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AI Will Revolutionize CRM Software, but Only After Everyone Cleans Their Data

IDC predicts the datasphere will grow to a trillion gigabytes by 2025. That’s 10 times the data generated by 2016.

In the world of CRM software, that translates to a lot of company data.

All this data makes parsing signals from the noise an untenable challenge.

While scarcity drives the physical marketplace, the digital world is characterized by overabundance. With less than ten percent of data effectively used, growing numbers of businesses are realizing that Big Data must translate to contextualized insights and predictive analytics to be effective. Advancements in Artificial Intelligence (AI) are making this achievable.

AI and machine learning are emerging as the integral pieces in collecting, refining, and presenting the insights that will lead the next digital transformation.

Advances in AI are already clearing a path to make it possible to effectively grapple with rapidly shifting and ever-increasing customer data. The expected economic impact of AI on CRM software will be massive.

In a report commissioned by Salesforce, A Trillion Dollar Boost: The Economic Impact of AI on Customer Relationship Management, the IDC surveyed 1,028 companies to forecast how AI will affect the global economy with regard to CRM.

According the report, the worldwide financial improvement from AI in CRM software is projected to reach $120 billion by 2020 and $33 billion of it from improved productivity alone.

Cognitive systems will elevate data analysis in CRM from retroactive to predictive. Increasingly, we are seeing digital go the way of automation and optimization. Algorithms driven by a new breed of analysts can identify trends and deliver deeper, more relevant insights. This will lead to more significant human activities and improved business decisions.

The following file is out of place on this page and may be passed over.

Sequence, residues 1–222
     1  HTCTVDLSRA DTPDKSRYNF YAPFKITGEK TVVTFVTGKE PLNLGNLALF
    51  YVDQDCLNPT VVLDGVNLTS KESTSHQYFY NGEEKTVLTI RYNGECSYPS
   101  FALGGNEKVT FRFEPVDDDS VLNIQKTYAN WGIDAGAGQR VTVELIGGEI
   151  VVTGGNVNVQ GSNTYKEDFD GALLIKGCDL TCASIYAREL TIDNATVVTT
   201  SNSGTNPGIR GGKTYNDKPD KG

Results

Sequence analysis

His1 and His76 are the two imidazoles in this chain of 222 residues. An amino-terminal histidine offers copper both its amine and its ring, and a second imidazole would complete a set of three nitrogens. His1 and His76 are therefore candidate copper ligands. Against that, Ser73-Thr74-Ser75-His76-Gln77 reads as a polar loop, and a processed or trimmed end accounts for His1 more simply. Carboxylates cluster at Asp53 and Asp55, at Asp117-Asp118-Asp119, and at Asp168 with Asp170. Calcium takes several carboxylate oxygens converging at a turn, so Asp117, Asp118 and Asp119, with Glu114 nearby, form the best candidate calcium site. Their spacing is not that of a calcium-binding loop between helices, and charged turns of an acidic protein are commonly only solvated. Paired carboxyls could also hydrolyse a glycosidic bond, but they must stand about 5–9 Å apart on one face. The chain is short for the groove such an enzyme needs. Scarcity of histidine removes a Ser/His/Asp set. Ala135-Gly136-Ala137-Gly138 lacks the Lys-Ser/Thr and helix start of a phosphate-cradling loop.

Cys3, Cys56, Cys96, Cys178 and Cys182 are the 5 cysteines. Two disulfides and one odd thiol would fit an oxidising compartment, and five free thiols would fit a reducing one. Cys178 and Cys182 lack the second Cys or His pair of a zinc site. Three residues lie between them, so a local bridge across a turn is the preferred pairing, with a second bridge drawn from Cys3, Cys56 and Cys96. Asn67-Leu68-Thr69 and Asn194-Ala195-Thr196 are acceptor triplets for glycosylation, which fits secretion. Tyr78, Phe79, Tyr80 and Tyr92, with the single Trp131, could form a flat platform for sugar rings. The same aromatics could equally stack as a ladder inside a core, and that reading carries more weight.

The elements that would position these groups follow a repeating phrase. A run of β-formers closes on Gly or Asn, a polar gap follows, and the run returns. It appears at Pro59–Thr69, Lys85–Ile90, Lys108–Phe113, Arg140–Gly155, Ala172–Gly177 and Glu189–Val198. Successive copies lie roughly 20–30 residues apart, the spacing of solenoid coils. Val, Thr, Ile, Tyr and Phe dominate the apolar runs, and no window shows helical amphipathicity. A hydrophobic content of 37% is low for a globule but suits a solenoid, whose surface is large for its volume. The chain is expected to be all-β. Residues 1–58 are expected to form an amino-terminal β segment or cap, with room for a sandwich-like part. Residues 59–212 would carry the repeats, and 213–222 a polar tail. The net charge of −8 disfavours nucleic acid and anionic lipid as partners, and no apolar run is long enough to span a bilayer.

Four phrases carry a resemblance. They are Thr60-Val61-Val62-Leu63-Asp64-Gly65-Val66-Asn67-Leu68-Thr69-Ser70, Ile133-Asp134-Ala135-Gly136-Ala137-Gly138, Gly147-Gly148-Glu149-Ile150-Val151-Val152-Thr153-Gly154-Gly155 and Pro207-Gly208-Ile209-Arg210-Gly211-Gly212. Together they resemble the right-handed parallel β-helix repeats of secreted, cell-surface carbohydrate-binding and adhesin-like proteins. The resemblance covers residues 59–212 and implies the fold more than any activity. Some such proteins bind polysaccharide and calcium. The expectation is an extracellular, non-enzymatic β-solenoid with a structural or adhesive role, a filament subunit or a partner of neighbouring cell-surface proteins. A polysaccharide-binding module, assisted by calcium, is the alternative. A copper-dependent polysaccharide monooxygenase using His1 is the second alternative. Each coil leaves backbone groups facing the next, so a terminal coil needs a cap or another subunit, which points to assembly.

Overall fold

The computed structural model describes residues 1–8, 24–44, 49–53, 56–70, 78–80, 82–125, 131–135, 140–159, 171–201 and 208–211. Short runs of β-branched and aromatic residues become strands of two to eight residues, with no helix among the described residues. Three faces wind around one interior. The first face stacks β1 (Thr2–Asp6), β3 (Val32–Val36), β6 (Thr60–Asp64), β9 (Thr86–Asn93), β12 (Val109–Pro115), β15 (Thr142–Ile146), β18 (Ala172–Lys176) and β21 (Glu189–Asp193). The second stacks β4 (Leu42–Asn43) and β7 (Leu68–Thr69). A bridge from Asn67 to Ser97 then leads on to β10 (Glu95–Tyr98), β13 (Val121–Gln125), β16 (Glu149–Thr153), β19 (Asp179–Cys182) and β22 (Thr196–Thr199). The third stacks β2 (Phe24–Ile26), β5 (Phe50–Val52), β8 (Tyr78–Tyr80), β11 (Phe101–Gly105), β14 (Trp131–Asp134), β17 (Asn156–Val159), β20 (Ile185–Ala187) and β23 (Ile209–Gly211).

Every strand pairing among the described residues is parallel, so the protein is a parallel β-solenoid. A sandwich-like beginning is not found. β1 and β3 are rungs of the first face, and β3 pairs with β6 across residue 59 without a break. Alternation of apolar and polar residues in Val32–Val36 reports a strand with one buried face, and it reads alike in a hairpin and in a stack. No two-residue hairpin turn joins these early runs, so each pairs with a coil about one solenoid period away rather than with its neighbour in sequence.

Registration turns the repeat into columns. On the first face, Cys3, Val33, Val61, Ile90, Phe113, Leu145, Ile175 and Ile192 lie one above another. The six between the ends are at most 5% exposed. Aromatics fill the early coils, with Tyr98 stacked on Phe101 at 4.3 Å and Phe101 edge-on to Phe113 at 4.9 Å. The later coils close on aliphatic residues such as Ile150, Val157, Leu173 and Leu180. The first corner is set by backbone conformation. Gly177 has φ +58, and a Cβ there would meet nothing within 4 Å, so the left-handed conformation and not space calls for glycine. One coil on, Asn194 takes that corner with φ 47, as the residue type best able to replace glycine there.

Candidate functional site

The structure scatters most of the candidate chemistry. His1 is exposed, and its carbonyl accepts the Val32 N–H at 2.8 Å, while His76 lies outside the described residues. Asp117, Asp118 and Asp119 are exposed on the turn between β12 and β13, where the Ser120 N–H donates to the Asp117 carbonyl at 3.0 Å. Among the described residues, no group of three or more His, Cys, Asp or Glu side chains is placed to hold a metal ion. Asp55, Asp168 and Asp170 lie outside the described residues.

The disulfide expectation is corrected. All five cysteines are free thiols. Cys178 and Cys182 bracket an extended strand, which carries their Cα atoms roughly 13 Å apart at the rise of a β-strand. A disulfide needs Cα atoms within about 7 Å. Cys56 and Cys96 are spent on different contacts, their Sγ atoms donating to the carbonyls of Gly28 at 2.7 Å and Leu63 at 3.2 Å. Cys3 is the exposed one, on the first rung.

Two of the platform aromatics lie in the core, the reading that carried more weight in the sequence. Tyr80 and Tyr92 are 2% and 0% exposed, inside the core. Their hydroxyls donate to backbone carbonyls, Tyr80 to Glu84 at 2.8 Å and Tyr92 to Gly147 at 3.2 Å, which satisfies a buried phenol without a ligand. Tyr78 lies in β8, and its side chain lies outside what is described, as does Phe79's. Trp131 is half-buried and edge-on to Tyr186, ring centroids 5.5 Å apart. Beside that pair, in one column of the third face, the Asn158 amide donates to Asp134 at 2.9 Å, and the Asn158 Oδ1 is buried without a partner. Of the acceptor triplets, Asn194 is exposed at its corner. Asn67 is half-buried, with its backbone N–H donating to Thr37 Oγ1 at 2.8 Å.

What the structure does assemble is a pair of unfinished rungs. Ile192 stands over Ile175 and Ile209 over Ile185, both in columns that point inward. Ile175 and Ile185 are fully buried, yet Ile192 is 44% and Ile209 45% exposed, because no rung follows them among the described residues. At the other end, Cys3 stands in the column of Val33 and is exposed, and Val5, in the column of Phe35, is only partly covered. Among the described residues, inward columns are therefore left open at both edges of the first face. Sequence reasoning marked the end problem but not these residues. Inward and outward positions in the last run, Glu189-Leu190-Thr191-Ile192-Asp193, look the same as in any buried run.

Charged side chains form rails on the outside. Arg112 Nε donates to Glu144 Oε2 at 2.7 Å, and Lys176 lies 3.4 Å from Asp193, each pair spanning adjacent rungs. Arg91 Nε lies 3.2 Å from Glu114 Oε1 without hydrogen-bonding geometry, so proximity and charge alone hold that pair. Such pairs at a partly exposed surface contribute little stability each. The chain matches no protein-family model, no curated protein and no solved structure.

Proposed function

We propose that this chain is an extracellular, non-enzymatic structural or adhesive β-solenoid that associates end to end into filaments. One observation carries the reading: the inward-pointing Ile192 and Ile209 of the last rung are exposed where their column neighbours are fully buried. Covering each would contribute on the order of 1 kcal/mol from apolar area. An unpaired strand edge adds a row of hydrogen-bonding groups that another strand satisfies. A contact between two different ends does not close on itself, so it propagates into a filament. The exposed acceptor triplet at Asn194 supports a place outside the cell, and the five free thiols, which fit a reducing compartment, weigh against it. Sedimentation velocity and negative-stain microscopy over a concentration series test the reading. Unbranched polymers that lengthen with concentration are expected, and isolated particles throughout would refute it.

The next wave of powerful technology will be those SaaS companies that optimize workflows and use AI to automate company data. This cannot be achieved without tools that give humans the ability to act on insights quickly, across the organization and through applications they are already using.

The need for these advancements is pressing, given the ever-growing quantity of data and increased need for personalization in marketing and sales efforts. Market-driving companies will be those that successfully manage the dizzying quantity of data and cull meaningful insights from massive data sets.

Per the IDC report, perhaps most indicative of what will characterize the tech landscape for the next decade, “it’s clear from IDC’s forecasts -- and the survey for this project -- that adoption [of AI] is about to begin in earnest.”

While AI is indeed the new bright shiny object touted to alleviate the pains of grappling with company data, the inconvenient reality of AI is that it won’t work with dirty data.

AI is only as good as the data feeding it, and insights are only valuable if they come from data sources that are validated and optimized. The learning and subsequent intelligence is formed and entirely reliant upon its data foundation.

For adoption of AI to have a meaningful impact on business, the data foundation it is layered on must be solid and clean. “Garbage in, garbage out,” still applies, regardless how much you try to dress it up.

Already, businesses are bogged down by the amount of data in their CRM -- according to an Experian data quality report, an estimated 3 out of 4 businesses believe their data is incorrect. Imagine the scope of “garbage” when you consider how fast businesses are hiring, firing, investing, merging, and moving. Data decays practically at the same rate it is put into a CRM.

Refining and updating perpetually dynamic data is a fundamental step in building out the strong data foundation required for AI integrations. In SaaS, cloud-based Data-as-a-Service is a requisite for organizations to enter this “the golden age of AI.”

“Under the strong influence of the current AI hype, people try to plug in data that’s dirty & full of gaps, that spans years while changing in format and meaning, that’s not understood yet, that’s structured in ways that don’t make sense, and expect those tools to magically handle it,” writes Monica Rogati in The AI Hierarchy of Needs. “Maybe some day soon that will be the case; I see & applaud efforts in that direction. Until then, it’s worth building a solid foundation for your AI pyramid of needs.”

If “a new day for customer experience,” is dawning -- with adoption of AI at the forefront -- than the businesses positioned to endure the digital transformation will be those with strong data foundations.

With so much data rendered ineffective, and a shifting digital economy, intelligent data is the emergent digital capital.

Perhaps we will soon see cloud-based data provider integrations with CRM take center stage.

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